The town hall at the Westside Church of God was the latest in a series hosted by Oakley throughout California. Participants broke into small groups to discuss how to improve access, experience and graduation rates at community colleges.
A common theme was meeting students where they are, like improving recruiting and outreach efforts in the African American community, at spaces like barbershops and traditionally black churches.
But more than just recruitment, speakers said that colleges need to recognize the systemic factors that place African American students at a disadvantage even before they set foot on campus.
Longtime SCCCD employee Pearl Mangum said the language of academia is often indecipherable to first-generation students, many of whom are African American. This leads to misunderstandings among students who may not know the weight of a “W” grade, or the effect of taking too many units on their financial aid eligibility – and may not have anyone to ask.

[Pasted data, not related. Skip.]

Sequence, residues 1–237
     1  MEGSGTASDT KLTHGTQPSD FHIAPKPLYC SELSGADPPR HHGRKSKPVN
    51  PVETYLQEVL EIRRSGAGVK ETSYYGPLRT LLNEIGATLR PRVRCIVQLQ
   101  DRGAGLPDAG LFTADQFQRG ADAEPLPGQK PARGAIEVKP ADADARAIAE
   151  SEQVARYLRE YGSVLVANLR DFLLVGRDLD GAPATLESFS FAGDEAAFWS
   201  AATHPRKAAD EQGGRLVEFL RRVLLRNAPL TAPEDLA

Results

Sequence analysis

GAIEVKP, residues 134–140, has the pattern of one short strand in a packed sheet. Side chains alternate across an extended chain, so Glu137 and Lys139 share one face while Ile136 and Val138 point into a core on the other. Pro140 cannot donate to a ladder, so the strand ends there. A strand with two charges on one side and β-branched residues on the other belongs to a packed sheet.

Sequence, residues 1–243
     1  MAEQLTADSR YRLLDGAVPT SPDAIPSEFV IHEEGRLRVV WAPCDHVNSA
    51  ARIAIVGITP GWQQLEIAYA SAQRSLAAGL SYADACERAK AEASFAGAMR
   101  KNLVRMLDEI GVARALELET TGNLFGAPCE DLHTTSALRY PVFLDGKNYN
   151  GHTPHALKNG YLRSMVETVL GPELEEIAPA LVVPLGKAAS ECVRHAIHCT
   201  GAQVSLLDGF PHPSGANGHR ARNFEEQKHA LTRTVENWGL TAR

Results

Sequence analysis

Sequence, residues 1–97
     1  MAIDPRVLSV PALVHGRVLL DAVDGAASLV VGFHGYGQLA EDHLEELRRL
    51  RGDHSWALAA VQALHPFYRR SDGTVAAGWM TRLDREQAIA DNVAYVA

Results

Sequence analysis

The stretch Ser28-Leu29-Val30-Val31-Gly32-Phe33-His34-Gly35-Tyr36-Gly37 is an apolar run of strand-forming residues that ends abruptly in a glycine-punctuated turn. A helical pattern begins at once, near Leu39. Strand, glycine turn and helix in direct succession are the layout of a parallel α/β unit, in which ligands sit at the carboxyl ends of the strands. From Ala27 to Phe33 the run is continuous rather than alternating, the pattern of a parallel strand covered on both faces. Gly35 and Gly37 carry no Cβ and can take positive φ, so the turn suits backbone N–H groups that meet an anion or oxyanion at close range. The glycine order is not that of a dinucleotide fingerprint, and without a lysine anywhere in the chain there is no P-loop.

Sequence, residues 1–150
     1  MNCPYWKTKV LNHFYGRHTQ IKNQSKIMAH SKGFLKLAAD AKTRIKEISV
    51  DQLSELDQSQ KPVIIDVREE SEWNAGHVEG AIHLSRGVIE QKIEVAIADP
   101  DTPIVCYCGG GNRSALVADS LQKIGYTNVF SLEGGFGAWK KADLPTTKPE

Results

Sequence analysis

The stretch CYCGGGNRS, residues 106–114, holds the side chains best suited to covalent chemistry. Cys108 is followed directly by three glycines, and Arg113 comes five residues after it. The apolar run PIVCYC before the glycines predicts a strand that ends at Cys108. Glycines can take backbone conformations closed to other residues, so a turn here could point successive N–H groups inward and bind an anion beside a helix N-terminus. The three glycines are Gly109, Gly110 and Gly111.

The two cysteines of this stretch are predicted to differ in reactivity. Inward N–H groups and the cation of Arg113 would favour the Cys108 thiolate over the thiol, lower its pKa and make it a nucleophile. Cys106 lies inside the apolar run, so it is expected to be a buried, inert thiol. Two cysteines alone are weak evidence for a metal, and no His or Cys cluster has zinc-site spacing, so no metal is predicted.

“We have a lot of educational words – but ask a student what a guided pathway is. We say financial aid is available, but what does that mean?” Mangum said. “We need to express it more clearly, because students won’t ask, because they’re embarrassed that they don’t know.”
Even students who aren’t first-generation may not understand all the acronyms and terms used in the district. June Stanfield said she encouraged her son to seek out counselors for help choosing his classes, because her own education at Fresno City College was more than 30 years ago.
“Everything is different now,” she said.
Back then, she said she was given a piece of paper outlining the classes she’d need to take in order to graduate. She said the college failed to make it so clear for her son, leaving the then 18-year-old to flounder on his own.
She said she hopes the town hall is the beginning of a discussion to find solutions, as she’d like to pass on advice to the young people she mentors.